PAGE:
First immigration centre outside EU borders ready to start work.
Every year thousands of Africans try to make the perilous journey to Europe as illegal migrants. Often their quest for a better life ends in a tragedy at sea.
Raising awareness of the risks of illegal migration is one of the tasks of the new centre in Bamako , the capital of the West African nation of Mali. An information point for would-be migrants, the centre offers guidance on legal immigration and helps with job training and the search for work abroad.
Mali is a prime candidate for the pilot project. The country is a transit point for migrants heading to Europe and an important source of labour for neighbouring countries. Some 4 million Malians live abroad, a huge exodus considering there are just 12 million in all. Most are scattered around West Africa, but about 200 000 live in Europe.
Mali is one of the world’s poorest countries. The main industry is farming, with cotton the biggest cash crop. The country depends heavily on the money migrants send home, but a big part of this income is eaten up by bank transfer fees. The centre is studying proposals to lower these transaction costs.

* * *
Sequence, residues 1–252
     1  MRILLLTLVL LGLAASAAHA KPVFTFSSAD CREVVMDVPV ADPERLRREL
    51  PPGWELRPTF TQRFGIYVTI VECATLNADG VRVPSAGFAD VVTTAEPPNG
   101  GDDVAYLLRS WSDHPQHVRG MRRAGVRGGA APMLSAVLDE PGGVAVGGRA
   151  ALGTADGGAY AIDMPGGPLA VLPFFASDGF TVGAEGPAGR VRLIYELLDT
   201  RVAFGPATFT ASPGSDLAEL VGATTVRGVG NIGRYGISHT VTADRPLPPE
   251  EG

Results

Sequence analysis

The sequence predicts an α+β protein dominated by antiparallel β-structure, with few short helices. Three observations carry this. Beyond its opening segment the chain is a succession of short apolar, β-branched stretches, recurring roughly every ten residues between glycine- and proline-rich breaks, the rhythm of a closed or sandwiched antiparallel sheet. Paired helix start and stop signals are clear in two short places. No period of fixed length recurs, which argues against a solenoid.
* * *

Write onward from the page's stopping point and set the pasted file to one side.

The centre is also working with returning migrants to help them resume life in their home country. Most migrants are young men who can’t find work at home. They are gone anywhere from a few months to several years at a time, leaving women, children and the elderly to run family farms.
Europe is home to most of the Africans living overseas. Many are from North Africa, but a growing number are from sub-Saharan countries like Mali.
The centre employs about 40 people and has a budget of about €10m. It officially opens on 6 October.